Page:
Clinging to the edge of the abyss

(Trigger warning: depression and suicide.)

People say “it gets better” but that isn’t true in my case. It gets worse. Each day I get worse.

These are the words of  Leelah Alcorn, who killed herself a few days ago.

I remember feeling this way, and I didn’t have a tenth of the cause that Leelah did. I don’t think it ever even occurred to me at 16 to wonder what it would be like to also feel alien in my own skin on top of all the other trials of adolescence.

Could it have gotten better for her? Sure. I know enough successful transgender programmers to know that there can be a light at the end of the tunnel. Although it’s a hell of a long, steep, uphill tunnel.

We are failing transgender kids. We are failing gay kids. But I feel like in a larger sense we’re just failing kids, period.

If you’re on the fringes of society for any reason, the years between 13 and 21 are the worst, as Liz Lemon would say. You’re coming to terms with who you are and how you are different, and you feel everything 10x as keenly as you ever will again. And you have zero personal power to change anything about your life. And even if you do have a modicum of power, you don’t yet have the emotional tools to exert it in any kind of directed, constructive way.

Also, people are probably more horrible to you than they ever will be again.

In my mind I see adolescence as rope bridge over a deep chasm. For every generation that crosses it, a fraction of them step on a broken slat and find themselves clinging for their lives to a few strands of fraying rope. It can happen for any number of reasons. They watch, helpless, as the rest of their cohort walk on and disappear over the horizon.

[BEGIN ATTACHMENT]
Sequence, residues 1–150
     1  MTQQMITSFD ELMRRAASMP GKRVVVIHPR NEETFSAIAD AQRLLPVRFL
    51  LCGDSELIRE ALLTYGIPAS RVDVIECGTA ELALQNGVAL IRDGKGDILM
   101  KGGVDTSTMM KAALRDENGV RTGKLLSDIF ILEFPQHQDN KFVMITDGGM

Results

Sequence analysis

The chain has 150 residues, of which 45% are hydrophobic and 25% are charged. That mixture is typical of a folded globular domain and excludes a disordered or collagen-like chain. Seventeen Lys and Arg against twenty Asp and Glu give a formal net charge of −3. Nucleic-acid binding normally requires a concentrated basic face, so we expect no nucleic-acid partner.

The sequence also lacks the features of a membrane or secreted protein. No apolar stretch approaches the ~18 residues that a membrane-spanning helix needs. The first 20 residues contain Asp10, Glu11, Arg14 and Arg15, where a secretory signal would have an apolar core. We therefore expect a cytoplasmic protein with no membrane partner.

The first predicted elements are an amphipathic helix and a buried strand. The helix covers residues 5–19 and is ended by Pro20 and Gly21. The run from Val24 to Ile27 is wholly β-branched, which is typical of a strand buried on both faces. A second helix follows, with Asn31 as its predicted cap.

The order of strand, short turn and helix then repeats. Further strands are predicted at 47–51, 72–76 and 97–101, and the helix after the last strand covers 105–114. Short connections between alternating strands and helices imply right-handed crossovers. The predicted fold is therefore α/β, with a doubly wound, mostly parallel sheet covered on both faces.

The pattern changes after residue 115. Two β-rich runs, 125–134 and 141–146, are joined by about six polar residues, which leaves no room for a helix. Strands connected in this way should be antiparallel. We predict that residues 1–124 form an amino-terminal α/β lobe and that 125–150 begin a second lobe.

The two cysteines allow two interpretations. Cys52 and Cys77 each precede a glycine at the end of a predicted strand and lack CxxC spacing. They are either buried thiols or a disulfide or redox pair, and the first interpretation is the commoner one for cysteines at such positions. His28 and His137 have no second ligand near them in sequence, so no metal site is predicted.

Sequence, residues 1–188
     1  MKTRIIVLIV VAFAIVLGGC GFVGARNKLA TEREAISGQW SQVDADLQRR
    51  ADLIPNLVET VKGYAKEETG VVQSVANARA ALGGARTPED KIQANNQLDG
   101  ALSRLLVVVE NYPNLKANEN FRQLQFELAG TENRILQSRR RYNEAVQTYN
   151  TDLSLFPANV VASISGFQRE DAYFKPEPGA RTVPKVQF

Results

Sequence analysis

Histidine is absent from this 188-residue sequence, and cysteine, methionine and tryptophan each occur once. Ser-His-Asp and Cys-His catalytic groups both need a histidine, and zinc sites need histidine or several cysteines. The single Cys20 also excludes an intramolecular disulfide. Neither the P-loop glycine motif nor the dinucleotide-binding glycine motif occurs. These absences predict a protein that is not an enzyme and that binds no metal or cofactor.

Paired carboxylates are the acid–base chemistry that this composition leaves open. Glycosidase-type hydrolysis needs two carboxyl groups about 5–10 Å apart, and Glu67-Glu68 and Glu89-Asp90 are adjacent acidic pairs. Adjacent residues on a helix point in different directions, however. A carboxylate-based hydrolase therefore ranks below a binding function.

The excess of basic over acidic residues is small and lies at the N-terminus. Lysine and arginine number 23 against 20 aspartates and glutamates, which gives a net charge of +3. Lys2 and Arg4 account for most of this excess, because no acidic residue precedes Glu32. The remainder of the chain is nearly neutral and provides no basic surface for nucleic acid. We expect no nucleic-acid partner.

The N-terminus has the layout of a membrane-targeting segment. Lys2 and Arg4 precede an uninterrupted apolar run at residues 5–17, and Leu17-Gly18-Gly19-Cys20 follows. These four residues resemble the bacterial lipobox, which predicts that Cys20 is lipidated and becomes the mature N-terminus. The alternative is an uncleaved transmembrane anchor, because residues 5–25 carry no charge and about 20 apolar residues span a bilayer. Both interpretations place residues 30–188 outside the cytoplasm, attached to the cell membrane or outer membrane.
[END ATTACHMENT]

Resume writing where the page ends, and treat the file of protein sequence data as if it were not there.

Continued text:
If you’re one of those kids, you might know that “it gets better”. You might have heard that help is on the way… eventually. One of these minutes, one of these hours, people in orange jackets are going to appear and extend a lifeline to you, and you’ll be saved. Carried away, finally, to the land of relative stability and empowerment that is adulthood.

But it’s not enough to know that “it gets better”. Because the question is, will it get better soon enough? Your hands are numb; muscles are in agony, and your grip is slipping. What does it matter that it gets better, if you can’t hang on that long?

It felt endless and excruciating to me, and relatively speaking my emotional wounds were shallow. My legs were dangling through the rungs of the bridge. I wasn’t hanging on by a thread.

I made it; and it got better. And for a lot of other kids it got better. But my one of my best friends didn’t make it; he plummeted into the abyss before help could arrive.

It gets better. But they shouldn’t have to hang on so long.

It needs to get better faster.


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